MANAGING ROADSIDE VEGETATION IN ALASKA. FINAL REPORT

This report examines the problem of controlling undesirable roadside vegetation, primarily tall wood shrubs and trees, in the central and northern districts of Alaska. Other vegetation management concerns, such as reestablishing vegetation on disturbed areas following road construction and maintaining desirable, low growing species along roadsides are briefly addressed. This report does not directly examine vegetation problems in the much wetter, maritime climate of Southeast Alaska. Roadside vegetation control is a costly, recurring problem for the Alaska Department of Transportation and Public Facilities (AKDOT&PF). Mechanical cutting is the dominant means of control presently, although herbicides were widely used in the past, and these have had some recent but limited use in Southeast Alaska. To reduce most effectively the extent of undesirable woody species along the roadside, it is preferable to use multiple methods, such as mechanical cutting in conjunction with a limited basal spray (herbicide) program or with hand weeding. Such an integrated vegetation management (IVM) approach will help reduce both the number of species as well as the number of individual woody plants that might persist. On the basis of this project, it is recommended that AKDOT&PF develop a long term IVM program that includes vegetation monitoring and a maintenance program to enhance desirable vegetation along roadsides.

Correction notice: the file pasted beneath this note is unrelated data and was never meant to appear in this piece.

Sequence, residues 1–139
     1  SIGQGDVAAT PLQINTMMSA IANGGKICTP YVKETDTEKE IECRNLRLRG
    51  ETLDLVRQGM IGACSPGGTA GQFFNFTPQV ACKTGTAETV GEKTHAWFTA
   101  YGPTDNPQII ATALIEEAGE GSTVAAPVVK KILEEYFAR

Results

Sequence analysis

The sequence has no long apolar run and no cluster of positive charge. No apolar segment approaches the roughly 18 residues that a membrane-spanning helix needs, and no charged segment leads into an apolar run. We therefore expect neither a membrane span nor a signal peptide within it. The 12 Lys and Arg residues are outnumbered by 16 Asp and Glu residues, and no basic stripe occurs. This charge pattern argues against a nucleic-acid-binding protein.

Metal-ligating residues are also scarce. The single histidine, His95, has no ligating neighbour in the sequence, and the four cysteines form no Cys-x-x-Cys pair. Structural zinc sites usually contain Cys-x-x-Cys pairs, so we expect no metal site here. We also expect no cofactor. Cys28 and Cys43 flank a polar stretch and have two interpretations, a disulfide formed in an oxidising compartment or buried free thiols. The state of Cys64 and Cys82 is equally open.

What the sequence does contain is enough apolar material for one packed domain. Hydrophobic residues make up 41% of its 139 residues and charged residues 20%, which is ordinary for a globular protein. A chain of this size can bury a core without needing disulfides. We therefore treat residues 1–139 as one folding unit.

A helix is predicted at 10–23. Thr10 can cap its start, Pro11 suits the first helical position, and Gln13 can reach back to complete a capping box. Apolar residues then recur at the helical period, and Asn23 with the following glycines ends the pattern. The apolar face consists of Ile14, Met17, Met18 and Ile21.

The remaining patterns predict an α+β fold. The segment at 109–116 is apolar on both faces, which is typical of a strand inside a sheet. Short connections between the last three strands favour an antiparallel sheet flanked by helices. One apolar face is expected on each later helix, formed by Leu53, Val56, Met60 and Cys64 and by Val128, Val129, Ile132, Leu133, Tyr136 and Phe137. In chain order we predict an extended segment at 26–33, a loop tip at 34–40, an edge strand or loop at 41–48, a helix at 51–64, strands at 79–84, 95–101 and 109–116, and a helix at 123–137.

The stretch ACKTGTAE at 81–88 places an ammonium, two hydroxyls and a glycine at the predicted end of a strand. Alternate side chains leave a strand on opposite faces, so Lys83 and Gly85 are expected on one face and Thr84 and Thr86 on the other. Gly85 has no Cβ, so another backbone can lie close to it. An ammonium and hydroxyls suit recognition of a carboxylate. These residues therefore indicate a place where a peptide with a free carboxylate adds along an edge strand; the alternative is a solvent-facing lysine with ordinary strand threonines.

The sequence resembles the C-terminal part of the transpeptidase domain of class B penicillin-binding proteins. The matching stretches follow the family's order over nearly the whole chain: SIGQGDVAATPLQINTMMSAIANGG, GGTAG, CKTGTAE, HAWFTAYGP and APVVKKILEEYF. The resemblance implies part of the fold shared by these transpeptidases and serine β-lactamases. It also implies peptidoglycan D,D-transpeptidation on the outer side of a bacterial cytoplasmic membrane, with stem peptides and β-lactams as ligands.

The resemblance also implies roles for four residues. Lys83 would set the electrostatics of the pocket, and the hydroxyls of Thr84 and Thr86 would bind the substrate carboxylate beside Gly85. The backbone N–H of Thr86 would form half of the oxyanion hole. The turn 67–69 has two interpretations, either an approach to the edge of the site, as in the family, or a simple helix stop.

Language

  • English

Media Info

  • Features: References; Tables;
  • Pagination: 27 p.

Subject/Index Terms

Filing Info

  • Accession Number: 00720213
  • Record Type: Publication
  • Report/Paper Numbers: SPR-UAF-92-11, INE/TRC 94.27
  • Files: TRIS, USDOT, STATEDOT
  • Created Date: Apr 18 1996 12:00AM